Japanese army fired live rounds at each other on blank exercise

25 May 2016 – The Japanese Self Defence Force mixed up live and blank ammunition during a field exercise on Monday, firing 79 live rounds before anyone noticed. Nobody was hit.

According to the Japan Times, nine soldiers fired the live rounds at each other during an ambush exercise at Shikaribetsu Training Area, near the town of Shikaoi on Hokkaido Island, at the beginning of the week.

A sergeant and a private sustained minor injuries, reportedly because of their 5.56mm Howa Type 89 rifles malfunctioning after live ammunition was fired down them.

UK Shooting News cannot imagine in what way a conventional blank firing attachment (BFA) would cause injury upon failure. A photo on Wikipedia shows a Type 89 with what appears to be a BFA equivalent screwed into the end of the flash hider.

Causing more loss of face than the minor injuries to the soldiers, however, is the fact that 79 rounds were fired during an ambush scenario without hitting anyone. While obviously a relief for the section involved, it hardly paints a good picture of Japanese marksmanship training.

Also, the idea that trained soldiers did not recognise the difference between live and blank ammo is worrying. While the Japan Times reported that “in a typical exercise, bullets are handed to each troop just before the drill, and they are then loaded into their rifles”, UKSN’s author wonders at the mindset which blindly accepts ammunition issued without even a cursory visual check being carried out.

One plausible scenario is that the soldiers were issued with pre-filled magazines and not given time to examine what they were filled with, though this is just speculation.

The British armed forces use a belt-and-braces system of issuing BFAs along with specially modified blank-only magazines. These magazines accept blank but not live rounds, thanks to a restrictor that fouls a full length live round. Blank magazines are painted bright yellow to aid visual identification. In addition, standard operating procedures include personnel switching from blank to live (or vice versa) stopping training, supervising NCOs carrying out a full unload and inspection of the troops, and ammunition issuing points for live and blank being physically separated by at least 30 metres.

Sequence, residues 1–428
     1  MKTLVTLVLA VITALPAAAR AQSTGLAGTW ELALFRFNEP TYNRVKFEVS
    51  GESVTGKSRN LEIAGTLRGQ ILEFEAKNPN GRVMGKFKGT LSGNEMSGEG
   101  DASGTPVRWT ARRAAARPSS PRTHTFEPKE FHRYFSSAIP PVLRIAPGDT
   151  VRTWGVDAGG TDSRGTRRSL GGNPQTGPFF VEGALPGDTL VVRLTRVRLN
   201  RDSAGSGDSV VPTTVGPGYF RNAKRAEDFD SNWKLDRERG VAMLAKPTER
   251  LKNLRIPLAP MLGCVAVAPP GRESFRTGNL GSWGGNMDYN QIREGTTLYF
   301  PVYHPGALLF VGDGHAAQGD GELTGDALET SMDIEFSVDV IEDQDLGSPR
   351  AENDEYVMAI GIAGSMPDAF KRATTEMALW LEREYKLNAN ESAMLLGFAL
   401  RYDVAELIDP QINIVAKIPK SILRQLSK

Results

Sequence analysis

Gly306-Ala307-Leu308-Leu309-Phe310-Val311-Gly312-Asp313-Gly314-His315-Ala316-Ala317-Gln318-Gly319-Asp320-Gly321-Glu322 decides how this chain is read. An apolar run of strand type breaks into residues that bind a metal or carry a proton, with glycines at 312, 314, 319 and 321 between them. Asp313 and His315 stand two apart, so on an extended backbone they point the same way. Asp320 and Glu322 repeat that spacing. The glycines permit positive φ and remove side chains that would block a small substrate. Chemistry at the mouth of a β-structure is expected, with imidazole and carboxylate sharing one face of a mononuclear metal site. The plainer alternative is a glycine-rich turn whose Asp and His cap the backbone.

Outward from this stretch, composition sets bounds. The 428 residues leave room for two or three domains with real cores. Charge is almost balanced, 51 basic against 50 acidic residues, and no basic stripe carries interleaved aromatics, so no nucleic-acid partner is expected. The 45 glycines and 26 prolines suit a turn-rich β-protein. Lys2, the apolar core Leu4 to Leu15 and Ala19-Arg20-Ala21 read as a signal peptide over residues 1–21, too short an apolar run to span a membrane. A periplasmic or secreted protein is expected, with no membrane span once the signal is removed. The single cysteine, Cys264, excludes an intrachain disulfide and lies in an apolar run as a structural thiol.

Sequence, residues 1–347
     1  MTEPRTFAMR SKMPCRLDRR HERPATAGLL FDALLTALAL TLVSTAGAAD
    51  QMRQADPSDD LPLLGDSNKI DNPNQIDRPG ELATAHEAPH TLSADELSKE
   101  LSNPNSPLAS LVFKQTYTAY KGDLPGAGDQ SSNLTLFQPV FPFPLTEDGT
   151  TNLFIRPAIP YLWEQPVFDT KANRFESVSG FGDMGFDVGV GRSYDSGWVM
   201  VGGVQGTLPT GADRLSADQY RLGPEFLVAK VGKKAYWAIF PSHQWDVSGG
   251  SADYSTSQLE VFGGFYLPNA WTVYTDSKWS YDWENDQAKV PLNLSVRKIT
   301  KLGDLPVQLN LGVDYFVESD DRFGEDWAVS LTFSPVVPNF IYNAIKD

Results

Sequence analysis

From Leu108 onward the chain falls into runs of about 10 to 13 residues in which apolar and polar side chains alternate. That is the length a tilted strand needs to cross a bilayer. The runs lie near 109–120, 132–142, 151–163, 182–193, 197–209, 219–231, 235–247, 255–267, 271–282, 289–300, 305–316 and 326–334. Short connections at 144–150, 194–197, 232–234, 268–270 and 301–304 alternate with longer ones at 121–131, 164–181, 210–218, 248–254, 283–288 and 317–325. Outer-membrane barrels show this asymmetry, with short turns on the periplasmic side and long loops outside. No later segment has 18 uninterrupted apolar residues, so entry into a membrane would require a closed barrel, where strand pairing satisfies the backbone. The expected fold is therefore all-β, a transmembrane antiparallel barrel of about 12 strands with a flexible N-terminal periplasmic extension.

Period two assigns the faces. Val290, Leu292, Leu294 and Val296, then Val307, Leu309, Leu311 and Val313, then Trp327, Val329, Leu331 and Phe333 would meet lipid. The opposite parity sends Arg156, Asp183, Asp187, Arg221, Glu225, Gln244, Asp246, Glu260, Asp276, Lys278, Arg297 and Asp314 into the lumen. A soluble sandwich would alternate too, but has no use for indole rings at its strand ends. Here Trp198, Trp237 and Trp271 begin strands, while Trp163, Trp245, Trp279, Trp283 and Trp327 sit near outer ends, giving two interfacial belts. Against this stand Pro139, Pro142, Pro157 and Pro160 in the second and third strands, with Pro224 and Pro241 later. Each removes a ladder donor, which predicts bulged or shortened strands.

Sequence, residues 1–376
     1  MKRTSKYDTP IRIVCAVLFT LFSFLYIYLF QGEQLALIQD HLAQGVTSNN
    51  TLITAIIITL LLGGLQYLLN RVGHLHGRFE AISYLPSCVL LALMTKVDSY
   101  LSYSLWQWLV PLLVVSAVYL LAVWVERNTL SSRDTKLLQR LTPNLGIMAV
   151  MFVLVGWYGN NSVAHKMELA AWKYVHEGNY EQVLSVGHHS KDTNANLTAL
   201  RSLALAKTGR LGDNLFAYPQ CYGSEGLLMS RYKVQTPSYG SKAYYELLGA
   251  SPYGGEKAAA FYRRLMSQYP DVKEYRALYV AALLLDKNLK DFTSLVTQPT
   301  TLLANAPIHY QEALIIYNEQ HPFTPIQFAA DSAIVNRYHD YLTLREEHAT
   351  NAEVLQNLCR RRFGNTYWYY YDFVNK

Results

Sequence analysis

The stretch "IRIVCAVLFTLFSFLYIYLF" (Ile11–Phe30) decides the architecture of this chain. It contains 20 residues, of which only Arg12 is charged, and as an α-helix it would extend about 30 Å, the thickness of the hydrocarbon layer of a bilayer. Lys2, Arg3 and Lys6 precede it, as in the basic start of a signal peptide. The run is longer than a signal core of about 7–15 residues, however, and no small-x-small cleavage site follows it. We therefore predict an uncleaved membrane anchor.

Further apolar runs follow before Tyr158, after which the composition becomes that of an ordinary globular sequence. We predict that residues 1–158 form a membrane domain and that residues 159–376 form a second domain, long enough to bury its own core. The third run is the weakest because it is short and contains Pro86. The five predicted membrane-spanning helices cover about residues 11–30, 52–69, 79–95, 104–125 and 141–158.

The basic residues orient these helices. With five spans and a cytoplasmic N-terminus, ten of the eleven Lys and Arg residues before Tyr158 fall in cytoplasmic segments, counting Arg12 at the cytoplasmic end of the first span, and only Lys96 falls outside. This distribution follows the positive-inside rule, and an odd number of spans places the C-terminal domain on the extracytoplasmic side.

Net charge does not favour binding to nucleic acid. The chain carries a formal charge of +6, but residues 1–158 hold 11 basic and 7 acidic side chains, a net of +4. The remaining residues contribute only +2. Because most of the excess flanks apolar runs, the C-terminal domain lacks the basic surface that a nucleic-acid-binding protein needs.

Last year the BBC branded the JSDF “toothless tigers”, while simultaneously praising their “emphasis on group cohesion, careful planning, and attention to detail”.

4 thoughts on “Japanese army fired live rounds at each other on blank exercise

  1. Nick B

    BFA’s essentially plug most of the barrel up – so that the gas pressure doesn’t just whizz out the end, some of it escapes up the hole drilled into the barrel and into the gas parts to cycle the action.

    So – the BFA for the L85 has a plug that IIRC is about 2 – 3″‘s and can be seen through the A2 esque flash hider. THere is a small hole bored through it – such that some gas and flame escapes – I know this as I was shot in the face with one by a lad ironically enough called “trigger” when on an exercise oooh 17 years ago.

    Logically firing live rounds at a BFA – would mean smashing the BFA to bits, an over pressure situation, barrel bulging in all likelihood, and even worse bolts and such like breaking apart.

    It’s a little harsh to say that after 79 rounds the Japanese marksmanship is poor – as the BFA’s are in fact designed to capture a few rounds at least before catastrophic failure!

    Ive just found what an L85 BFA looks like for you ref:


  2. Nick B

    ….also the bit about specific magazines for blank rounds in the British Army – isn’t always true – I have certainly exercised with blank rounds and normal magazines – in fact I’d say that’s the vast majority of times.

    It’s possible the JDF issued the rounds at night in the dark – light discipline and all then there would have been no visual check. One ammo can that someone picked up, tired through lack of sleep and cold – and voila.



Leave a comment...

Fill in your details below or click an icon to log in:

WordPress.com Logo

You are commenting using your WordPress.com account. Log Out /  Change )

Google photo

You are commenting using your Google account. Log Out /  Change )

Twitter picture

You are commenting using your Twitter account. Log Out /  Change )

Facebook photo

You are commenting using your Facebook account. Log Out /  Change )

Connecting to %s